The power preset scheduler is handy if you are non-directional or if you run the same antenna pattern day and night. Since we also have to change patterns along with power from day to night, I decided to allow the Burk AutoPilot to control power levels on the transmitter along with changing our day/night patterns and did not program the Nautel’s power scheduler.

The transmitter was allowed run at a thousand Watts for 10 minutes. Then it was shut down and I checked all the AC and RF connectors. Nothing was unusually warm so I moved on to hooking up remote control and audio.

Rack Mount

Once the transmitter was verified to be functioning properly, the next thing was to start moving the equipment.

As mentioned earlier, the rack we had been using to hold equipment like the Burk ARC-16, ABC Radio network satellite receiver, and the Harris Interplex was not the most desirable rack. In fact, I think it must have been dug out of a trash dump or something. The holes for mounting equipment into the rack were misaligned. This made for a lot of wasted space.

Instead, ordering the rack-mounted option with the Nautel allowed me enough room to move everything but the antenna monitor and antenna controller closer to the new transmitter. This also cut down on wiring runs since the remote control and satellite receiver are all in the same rack with the transmitter.

Hooking Up the Control and Audio

First to be moved was the remote control. Remote control hookups, along with interlock and audio, for the Nautel are very easy to access since they are on a screw terminal block on the back of the exciter assembly. Practically everything can be monitored on the remote control outputs.


As I said, the remote control hookups were very easy. They are all clearly labeled, screw terminal connections on the back of the exciter assembly. Using the transmitter’s internal 24-Volt power supply, control channels are a simple contact closure to ground. Status outputs and alarms use a sink to ground connection when the output is active. Using the 24-Volt power supply keeps everything internal and no external power supplies or relays are needed. The remote control we use is happy with both of these interfaces.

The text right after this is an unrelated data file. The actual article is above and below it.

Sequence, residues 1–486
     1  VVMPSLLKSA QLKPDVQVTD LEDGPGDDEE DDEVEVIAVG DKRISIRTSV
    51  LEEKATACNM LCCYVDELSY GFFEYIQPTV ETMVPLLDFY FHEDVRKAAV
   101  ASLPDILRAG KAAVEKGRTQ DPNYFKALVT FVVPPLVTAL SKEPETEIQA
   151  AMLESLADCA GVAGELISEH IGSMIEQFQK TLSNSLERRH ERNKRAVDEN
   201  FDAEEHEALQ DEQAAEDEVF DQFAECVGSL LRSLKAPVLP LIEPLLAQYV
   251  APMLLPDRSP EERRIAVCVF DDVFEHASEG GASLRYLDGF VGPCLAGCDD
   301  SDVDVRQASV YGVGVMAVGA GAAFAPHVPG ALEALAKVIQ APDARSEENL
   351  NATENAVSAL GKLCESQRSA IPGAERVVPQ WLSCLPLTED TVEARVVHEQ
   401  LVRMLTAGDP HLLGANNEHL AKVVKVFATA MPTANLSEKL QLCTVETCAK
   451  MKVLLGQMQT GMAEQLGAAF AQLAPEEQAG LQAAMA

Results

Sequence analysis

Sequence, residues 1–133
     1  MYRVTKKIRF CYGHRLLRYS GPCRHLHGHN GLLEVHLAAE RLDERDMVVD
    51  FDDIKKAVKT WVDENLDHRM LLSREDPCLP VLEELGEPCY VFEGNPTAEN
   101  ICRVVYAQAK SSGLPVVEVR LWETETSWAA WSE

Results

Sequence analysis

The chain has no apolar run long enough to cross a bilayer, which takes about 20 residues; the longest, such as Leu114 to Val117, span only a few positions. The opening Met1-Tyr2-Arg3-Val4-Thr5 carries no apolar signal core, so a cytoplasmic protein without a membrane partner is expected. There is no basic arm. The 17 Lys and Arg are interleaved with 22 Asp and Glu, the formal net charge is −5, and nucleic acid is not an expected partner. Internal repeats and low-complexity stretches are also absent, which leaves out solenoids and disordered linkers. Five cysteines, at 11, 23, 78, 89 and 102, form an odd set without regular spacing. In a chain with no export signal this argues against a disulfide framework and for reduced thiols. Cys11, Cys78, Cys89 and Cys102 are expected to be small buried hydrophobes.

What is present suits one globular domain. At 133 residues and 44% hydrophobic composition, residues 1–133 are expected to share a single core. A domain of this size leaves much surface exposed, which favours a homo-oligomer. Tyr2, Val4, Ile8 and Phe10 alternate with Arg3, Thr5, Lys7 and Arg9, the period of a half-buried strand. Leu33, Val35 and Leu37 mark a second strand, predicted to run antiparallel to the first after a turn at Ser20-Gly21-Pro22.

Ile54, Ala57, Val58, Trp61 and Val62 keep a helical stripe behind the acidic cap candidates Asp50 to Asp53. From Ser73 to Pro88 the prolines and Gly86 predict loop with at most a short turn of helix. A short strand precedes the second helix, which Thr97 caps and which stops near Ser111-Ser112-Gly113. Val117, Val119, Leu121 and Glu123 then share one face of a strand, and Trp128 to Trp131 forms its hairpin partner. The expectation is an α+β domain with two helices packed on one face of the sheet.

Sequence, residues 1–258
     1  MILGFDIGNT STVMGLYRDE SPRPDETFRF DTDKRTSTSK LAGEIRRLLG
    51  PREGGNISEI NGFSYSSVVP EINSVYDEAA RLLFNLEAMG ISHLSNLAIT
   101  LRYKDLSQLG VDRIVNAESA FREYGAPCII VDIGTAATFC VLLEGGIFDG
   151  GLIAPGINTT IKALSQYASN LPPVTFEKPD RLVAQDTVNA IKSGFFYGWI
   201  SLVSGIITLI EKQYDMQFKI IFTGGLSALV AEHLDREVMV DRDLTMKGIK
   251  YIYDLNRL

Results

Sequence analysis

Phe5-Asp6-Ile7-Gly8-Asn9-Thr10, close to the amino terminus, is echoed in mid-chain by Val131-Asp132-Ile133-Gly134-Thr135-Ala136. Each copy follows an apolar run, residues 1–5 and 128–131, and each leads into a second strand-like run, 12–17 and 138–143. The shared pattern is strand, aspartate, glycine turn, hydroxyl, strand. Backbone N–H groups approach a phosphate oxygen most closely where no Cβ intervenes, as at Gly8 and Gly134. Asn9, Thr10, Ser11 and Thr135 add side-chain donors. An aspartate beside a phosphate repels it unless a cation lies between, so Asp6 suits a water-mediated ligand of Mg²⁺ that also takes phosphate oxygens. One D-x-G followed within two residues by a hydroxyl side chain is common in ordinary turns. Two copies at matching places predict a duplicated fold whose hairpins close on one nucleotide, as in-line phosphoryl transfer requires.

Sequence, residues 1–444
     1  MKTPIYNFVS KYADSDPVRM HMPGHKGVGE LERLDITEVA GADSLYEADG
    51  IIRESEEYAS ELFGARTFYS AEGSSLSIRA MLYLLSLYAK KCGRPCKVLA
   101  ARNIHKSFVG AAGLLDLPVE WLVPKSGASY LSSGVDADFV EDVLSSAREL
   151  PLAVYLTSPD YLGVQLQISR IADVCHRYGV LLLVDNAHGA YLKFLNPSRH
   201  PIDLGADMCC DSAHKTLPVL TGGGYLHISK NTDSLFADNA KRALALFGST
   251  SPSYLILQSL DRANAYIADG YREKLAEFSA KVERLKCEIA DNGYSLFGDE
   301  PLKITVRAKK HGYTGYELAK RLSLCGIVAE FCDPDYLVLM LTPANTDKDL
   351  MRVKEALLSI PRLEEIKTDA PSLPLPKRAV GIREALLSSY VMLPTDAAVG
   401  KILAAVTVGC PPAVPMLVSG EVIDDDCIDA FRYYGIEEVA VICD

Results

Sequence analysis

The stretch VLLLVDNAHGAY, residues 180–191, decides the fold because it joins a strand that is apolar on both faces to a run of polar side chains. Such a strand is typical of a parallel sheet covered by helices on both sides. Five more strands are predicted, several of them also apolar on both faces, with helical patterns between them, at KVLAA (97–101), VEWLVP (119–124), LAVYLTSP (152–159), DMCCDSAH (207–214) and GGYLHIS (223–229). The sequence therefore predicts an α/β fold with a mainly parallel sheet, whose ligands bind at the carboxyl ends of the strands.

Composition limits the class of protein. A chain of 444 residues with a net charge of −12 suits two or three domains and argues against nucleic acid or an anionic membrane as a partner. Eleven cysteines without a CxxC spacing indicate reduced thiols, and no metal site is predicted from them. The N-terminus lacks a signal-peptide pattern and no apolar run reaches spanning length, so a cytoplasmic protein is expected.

The audio was a simple 600-Ohm connection from our processor output to the audio input on the back of the exciter.

Power to the Tower

With everything hooked up now, the transmitter was turned back on and fed into the dummy load where modulation levels were checked. With modulation set properly, a press of the “main” button on the antenna controller then fed the new Nautel into the phasor and antenna, putting it on the air.

The total time from uncrating until on the air was two days but this only was because I was not in a hurry and could take time. I had a J-1000 on the air in six hours at a previous client when their 40-yearold main transmitter failed and parts would have taken too long to arrive.

Communicating With the Transmitter

However, the really neat part is the Ethernet interface for monitoring the transmitter.

The Ethernet interface allows for two valuable functions. First, you can remotely access the transmitter and see all measured voltages, status indications and RF health. Secondly, the transmitter can send emails when a fault occurs. (You can configure when the transmitter emails and how much information is sent out in the email.)

The J-1000 hooks right to the Internet

Currently, I have the transmitter emailing me when the external interlock opens indicating a pattern change. However it can also email me with any fault that takes it off the air or reduces the power. I can receive these emails on my Blackberry and then determine if I need to drop what I am doing, switch transmitters, and head to the site. If the problem does not demand an immediate response, I can schedule time to go by the transmitter site.

N+1 Or Just 1

Nautel has a frequency change kit option that when used with the J-1000 will allow it to be used as a standby for several different stations. One J-1000 could serve as a standby transmitter for several co-owned AM stations in a market or region.

After three installs, I can report being very happy with the results. Nautel has built a solid, reliable transmitter with the J-1000. This is a transmitter I would not hesitate to recommend to other station owners wanting to replace older, less efficient transmitters, or simply wanting to keep up with the latest in transmission technology.

– – –

Scott Cason is a contract engineer based in Louisville, KY. You can contact him at